I'm a huge fan of AirBnB! I use it ALL the time. I like that you can rent anything from a tiny room in someone's home to having an entire place to yourself. There are a ton of search options available, you can broaden your search to an entire city or narrow it down to a specific neighbourhood. It's great because you either get to stay with a local host, or in a cute neighborhood, or near a specific attraction you want to see. I tend to gravitate towards AirBnB so that I can get to know local people - plus they often have great tips for what to see and where to eat!
You should always read the reviews, AirBnB is based on reputation - if there's a ton of great reviews and one or two bad ones, it's probably that the one or two are just being overly picky. But, if you find an awesome place that doesn't sound like it's quite legit, and the reviews don't add up, it's probably not an ideal place (for example - we were looking to rent an apartment for the weekend in southern Alberta, and this gorgeous place came up in our search for super cheap, but the *only* review the place had suggested that the host was super sketchy and that the place was not as described).
Because AirBnB is based on individual people's homes, and we are all human, it's always a good idea to have a backup place or two just in case - *very* occasionally you will find the perfect place and try to book it, only to realize that the host has actually forgotten to update their calendar and it's not actually available. I like the wishlist function which lets you save multiple places based on specific dates and locations. Also keep in mind that depending on the area and date selected, there may be a lack of available options (for example, if you tried to book a place last minute in Pasadena during the RoseBowl you may find there's nothing available, or in many areas of Iceland they are few and far between).
My go-to hotel search site is Booking.com. I like their selection and their search options: you can search by list or using the map view, plus there are all kinds of filtering options available to you (budget, hotel rating, fun things to do, free cancellations, facilities, etc).
I have not stayed in an actual hostel, however, I have stayed in a few hostel-type hotels. Hosteling is definitely the way to go if you are on a budget and solo! Keep in mind that if there's more than one of you traveling it can actually be more expensive to stay at a hostel (because they generally charge per person instead of per room). I highly recommend hostels for solo travelers and younger travelers not just to keep your cost down but also as a great way to meet new people! You just might find a new friend to come check out the sites or grab a bite to eat!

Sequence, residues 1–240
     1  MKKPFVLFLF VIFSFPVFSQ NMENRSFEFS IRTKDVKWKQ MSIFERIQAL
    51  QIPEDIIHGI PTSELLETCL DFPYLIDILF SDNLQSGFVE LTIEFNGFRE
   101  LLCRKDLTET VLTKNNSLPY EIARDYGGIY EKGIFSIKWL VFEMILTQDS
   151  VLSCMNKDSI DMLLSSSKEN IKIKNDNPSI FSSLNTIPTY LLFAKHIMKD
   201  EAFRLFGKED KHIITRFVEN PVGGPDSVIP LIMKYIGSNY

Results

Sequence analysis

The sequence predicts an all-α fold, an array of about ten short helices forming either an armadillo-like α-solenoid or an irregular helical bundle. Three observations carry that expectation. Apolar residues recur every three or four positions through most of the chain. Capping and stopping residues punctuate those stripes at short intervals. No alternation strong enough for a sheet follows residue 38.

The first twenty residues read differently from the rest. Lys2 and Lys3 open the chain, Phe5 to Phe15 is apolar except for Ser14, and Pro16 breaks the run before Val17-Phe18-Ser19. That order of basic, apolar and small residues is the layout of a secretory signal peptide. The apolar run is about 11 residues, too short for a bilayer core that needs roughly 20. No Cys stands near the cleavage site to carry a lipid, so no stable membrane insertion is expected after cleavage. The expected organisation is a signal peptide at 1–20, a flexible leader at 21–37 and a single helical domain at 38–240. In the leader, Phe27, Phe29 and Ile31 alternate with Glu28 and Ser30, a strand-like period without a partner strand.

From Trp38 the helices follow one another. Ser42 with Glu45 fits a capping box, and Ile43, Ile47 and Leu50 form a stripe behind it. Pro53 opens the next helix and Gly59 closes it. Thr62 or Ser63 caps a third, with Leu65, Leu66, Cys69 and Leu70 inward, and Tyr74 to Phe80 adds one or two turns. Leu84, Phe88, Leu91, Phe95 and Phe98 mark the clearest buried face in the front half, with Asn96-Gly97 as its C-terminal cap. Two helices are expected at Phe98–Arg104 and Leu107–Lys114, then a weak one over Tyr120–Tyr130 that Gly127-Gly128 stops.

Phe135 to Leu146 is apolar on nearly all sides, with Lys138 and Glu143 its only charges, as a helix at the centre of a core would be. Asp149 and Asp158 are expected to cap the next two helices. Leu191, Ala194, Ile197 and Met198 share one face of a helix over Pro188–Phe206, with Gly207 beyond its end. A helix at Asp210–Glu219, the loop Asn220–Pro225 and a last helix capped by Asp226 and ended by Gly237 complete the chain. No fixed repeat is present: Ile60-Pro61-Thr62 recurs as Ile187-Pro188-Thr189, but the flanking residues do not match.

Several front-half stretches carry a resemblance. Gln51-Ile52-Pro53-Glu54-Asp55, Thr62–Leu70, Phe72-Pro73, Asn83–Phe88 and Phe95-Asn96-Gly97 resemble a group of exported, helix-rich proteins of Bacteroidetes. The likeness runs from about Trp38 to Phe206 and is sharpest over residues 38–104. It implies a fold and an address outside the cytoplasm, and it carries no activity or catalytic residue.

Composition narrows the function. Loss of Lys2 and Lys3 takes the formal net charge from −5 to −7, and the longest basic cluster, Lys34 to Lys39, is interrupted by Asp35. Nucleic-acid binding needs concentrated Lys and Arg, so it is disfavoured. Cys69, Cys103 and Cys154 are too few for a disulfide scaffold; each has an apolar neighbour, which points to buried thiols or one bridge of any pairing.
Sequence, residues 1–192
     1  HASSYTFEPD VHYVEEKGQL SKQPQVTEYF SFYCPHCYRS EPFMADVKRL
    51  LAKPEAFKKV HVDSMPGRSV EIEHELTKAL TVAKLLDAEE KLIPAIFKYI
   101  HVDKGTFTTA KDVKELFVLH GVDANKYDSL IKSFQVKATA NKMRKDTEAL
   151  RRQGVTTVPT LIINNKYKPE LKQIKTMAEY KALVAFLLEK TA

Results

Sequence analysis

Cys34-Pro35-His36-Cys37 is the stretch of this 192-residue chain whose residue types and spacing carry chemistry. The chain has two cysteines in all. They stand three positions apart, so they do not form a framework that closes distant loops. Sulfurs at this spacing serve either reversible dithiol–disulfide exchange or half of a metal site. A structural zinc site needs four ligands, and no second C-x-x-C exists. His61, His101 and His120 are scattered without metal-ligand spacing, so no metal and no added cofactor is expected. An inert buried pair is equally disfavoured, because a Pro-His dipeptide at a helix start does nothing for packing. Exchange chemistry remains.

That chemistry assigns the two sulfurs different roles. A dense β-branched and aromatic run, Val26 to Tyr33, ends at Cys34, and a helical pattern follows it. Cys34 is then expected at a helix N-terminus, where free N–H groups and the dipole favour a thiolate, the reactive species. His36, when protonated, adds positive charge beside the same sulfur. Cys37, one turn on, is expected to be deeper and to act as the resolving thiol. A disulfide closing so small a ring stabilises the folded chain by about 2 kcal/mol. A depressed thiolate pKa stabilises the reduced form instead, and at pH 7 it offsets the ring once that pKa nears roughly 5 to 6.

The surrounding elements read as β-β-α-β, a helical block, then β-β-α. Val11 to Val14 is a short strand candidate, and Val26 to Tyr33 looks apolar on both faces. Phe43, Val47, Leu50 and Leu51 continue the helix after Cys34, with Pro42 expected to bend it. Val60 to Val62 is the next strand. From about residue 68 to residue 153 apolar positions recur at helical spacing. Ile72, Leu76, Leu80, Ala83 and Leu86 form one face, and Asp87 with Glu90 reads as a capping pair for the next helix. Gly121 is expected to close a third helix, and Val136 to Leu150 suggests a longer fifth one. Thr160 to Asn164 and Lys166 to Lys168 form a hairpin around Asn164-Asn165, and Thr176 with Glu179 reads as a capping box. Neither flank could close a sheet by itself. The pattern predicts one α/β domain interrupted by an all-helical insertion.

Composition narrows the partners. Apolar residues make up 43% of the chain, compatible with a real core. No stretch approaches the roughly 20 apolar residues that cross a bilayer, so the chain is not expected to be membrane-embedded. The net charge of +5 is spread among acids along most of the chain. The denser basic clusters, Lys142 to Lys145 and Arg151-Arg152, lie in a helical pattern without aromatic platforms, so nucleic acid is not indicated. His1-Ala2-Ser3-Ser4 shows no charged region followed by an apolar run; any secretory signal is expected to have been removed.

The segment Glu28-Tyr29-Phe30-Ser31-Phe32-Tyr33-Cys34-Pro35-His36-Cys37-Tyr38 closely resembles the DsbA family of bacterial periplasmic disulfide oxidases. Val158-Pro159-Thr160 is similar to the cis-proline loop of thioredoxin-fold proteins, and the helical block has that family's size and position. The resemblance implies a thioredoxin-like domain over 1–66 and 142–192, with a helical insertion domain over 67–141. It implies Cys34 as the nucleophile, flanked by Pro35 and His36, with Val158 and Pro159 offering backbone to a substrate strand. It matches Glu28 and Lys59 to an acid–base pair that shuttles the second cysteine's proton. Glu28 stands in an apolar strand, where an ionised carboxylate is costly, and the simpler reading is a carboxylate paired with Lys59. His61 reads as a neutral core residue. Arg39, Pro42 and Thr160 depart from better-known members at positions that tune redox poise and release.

If you're on a budget, solo, and looking to stay with locals, then couchsurfing is a great option! And the best part? IT'S FREE! Couchsurfing is an awesome way to meet locals who have opened up their home to provide a crash pad for a couple of days to a few weeks depending on how generous the host is. You will likely need to contact multiple listings before you find one that works with your travel dates, they recommend contacting around 5 potential hosts - just in case your top pick doesn't pan out, then you have a backup (or 2 or 4 lol).
Housesitting, petsitting, or houseswapping/home exchange is a great way to see the world without having to pay for one of the most expensive aspects of traveling: accommodations. If this is something that interests you, I would suggest starting locally and build up some references. I regularly housesit and dogsit for friends and family, and have branched out locally to improve my reference base.
Here is a great comparison from halftheclothes.com of some of the best and worst housesitting sites around the world.
HomeAway is similar to AirBnB but not quite the same. Individual owners list their homes on HomeAway (and VRBO and VacationRentals.com - all three are owned by the same company, but have different listings available on each unless the owner has cross-posted between them). Both HomeAway and AirBnb have hundreds of thousands of listings to choose from around the world, and both have excellent review systems in place so you know what you're getting into. The main difference I've noticed between HomeAway and AirBnB is that there seems to be more pet-friendly listings on HomeAway. HomeAway also tends to be more oriented towards entire homes or apartments, whereas AirBnB you can rent anything from a couch to a room to a house.
Accommodations are a very personal thing, it depends what you want to get out of your trip and who you are traveling with as to which type of accommodation will best suit your needs. An individual may prefer something like AirBnB or a Hostel or Couchsurfing, where you get to stay either with locals or meet other travelers during your stay. A family or a group may want more space and privacy, so renting an entire home through something like HomeStay, VRBO, or AirBnB might be the best option there. Hotels are great if you are only going to be there for a night or two and are looking for flexibility with check-in times and such, but I personally don't like staying in a hotel for extended periods of time because it can be hard to get a feel for a place that way.
Traveling with pets throws a whole new curveball into the mix as many places are not pet friendly. They can be encountered though, I have found that many Best Western Hotels are pet friendly, and some AirBnB's, and many of the HomeStay's/VRBO's/VacationRentals.com are also pet friendly.